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Materiality and Social Life

année académique

Titulaire(s) du cours

Alexander NEWELL (Coordonnateur)

Crédits ECTS


Langue(s) d'enseignement


Contenu du cours

Human sociality would be impossible without the mediation of material things through which consciousness is shared and “culture” is formed, and such collective immaterial worlds are deeply embedded within the production and perception of material reality. This course examines the way we produce social relationality, social forms, cultural schemas, and structures of power and hierarchy by consuming, exchanging, making, and inhabiting the things around us. We will investigate the relationship between materiality and meaning both in the historical development of the human species and across a wide variety of contemporary societies, from hunter-gatherers to the high consumerism of contemporary capitalism. In the anthropological tradition of problematizing the opposition between persons and things, the course considers hybrids such as fetishes, masks, relics, art objects, historical antiquities and other sacred objects for what they can tell us about more quotidian interactions between humans and their possessions. Consumer culture, fashion, and self-construction through the display of things are all social activities at the core of sociality in capitalist societies, materializing and fixing cultural categories such as gender, ethnicity, class, and generation. Through ethnographic exploration of cognitive and social consequences of tools, technological transformation, and rampant accumulation of possessions we will discover the agency of material things and the ways in which materiality often exceeds our efforts to culturally constrain matter within social expectations. Finally, we will explore the environmental consequences of contemporary practices around materiality, the sheer excess of human production, and what social alternatives might produce alternative material realities.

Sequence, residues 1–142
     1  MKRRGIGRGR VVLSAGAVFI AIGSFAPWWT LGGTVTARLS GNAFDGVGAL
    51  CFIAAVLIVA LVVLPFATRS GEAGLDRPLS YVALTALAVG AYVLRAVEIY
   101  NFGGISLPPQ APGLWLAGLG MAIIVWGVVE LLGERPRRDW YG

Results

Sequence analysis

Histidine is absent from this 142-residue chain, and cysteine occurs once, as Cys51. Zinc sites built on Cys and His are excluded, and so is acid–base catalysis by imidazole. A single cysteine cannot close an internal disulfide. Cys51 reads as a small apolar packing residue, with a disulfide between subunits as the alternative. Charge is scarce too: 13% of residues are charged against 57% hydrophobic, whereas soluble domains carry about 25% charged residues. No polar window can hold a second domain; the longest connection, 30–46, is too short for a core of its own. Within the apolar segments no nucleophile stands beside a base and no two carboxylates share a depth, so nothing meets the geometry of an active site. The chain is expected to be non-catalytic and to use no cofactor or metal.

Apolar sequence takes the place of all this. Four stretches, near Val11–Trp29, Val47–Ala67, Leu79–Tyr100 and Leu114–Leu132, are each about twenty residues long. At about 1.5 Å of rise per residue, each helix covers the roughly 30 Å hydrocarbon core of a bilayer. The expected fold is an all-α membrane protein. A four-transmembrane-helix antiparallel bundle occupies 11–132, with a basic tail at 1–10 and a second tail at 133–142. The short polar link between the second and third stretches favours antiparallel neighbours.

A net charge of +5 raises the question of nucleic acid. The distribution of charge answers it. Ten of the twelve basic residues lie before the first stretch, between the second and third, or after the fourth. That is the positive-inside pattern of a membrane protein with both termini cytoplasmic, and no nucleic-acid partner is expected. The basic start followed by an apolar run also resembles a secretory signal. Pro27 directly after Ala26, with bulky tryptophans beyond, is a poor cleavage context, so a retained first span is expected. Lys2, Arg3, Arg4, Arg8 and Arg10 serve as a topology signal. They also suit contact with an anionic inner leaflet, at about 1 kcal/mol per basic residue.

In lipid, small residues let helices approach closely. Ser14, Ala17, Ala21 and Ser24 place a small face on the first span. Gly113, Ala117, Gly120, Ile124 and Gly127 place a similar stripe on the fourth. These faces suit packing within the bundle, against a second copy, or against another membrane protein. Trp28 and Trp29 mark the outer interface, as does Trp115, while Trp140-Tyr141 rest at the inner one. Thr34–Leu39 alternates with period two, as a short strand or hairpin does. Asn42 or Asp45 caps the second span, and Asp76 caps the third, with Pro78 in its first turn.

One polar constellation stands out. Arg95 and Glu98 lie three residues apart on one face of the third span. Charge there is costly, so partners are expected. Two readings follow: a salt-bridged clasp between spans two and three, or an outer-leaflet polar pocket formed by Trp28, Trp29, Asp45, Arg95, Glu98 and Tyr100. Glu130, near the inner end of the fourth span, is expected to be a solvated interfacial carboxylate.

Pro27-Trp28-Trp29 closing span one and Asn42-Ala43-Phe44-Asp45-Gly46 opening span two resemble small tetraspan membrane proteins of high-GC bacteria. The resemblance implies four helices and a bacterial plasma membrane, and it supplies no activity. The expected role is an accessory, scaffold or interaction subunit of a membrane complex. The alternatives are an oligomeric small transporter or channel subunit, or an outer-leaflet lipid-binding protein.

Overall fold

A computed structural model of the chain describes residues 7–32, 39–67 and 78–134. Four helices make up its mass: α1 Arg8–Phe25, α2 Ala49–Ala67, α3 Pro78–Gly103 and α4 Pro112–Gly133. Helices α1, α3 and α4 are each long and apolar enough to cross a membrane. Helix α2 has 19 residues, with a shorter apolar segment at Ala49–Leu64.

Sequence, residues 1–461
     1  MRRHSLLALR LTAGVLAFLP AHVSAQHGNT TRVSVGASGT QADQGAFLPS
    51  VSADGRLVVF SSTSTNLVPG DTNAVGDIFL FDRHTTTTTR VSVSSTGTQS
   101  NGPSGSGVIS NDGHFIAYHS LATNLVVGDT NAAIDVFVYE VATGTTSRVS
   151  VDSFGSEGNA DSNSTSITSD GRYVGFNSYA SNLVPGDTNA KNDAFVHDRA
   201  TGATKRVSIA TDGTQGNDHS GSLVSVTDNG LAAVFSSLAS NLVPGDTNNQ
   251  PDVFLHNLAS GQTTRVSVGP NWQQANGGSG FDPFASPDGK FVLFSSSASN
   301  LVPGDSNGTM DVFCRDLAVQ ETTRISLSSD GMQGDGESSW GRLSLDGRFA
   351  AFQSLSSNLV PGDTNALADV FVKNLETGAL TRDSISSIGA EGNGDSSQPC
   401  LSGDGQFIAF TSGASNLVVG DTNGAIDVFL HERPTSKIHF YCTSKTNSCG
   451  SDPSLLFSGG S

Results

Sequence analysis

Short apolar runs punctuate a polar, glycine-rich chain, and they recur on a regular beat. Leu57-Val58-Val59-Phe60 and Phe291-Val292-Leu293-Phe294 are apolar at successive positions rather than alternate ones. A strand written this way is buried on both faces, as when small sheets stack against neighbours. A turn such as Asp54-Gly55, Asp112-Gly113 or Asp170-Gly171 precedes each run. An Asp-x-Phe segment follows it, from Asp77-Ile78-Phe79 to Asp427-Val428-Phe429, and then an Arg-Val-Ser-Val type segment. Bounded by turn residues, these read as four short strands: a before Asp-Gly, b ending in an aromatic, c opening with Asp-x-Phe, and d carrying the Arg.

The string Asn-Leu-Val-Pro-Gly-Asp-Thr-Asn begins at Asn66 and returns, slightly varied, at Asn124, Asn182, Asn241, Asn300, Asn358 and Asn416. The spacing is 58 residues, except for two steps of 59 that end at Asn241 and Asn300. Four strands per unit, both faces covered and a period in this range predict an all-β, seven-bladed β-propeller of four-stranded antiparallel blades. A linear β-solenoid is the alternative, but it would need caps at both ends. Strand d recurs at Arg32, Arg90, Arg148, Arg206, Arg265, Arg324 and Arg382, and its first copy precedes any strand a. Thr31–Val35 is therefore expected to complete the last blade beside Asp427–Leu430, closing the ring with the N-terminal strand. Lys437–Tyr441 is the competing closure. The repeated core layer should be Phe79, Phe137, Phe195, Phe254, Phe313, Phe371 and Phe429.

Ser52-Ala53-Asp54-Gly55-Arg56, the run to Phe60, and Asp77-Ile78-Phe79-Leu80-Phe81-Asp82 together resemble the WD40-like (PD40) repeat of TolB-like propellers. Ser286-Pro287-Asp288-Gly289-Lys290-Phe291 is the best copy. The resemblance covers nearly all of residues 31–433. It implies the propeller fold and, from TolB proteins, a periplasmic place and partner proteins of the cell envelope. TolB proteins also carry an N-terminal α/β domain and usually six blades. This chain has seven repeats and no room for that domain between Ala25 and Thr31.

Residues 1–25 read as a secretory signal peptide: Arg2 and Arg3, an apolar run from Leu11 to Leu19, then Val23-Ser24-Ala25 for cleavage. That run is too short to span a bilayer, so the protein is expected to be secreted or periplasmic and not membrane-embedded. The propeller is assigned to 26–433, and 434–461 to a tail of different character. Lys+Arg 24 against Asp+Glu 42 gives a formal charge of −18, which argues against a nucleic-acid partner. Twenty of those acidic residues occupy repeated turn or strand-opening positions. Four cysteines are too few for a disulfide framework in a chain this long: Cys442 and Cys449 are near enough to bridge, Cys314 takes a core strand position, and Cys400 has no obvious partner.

Méthodes d'enseignement et activités d'apprentissages

The course is a hybrid between ex cathedra teaching and seminar. Students are always encouraged to break into the lecture and to respond to one another, and at times the professor will ask students for their perspective or interpretation of the readings. The smaller the number of students taking the course, the more the course will tend towards seminar style teaching.

Références, bibliographie et lectures recommandées

These are provided in the course plan available on UV

Autres renseignements




Méthode(s) d'évaluation

  • Autre

A written essay at the end of the course combining independent research and course readings/theories makes up 75% of the grade. Regular participation in Nota Bene makes up another 25% of the grade.

Construction de la note (en ce compris, la pondération des notes partielles)

An essay of 2500-3500 words, applying course readings and class discussion to ethnographic observations of globalization in one's own experience. (75% or 15 points)

Regular participation on Nota Bene (an online forum where students and the professor comment on and discuss the readings): (25% or 5 points)

Langue(s) d'évaluation

  • anglais
  • français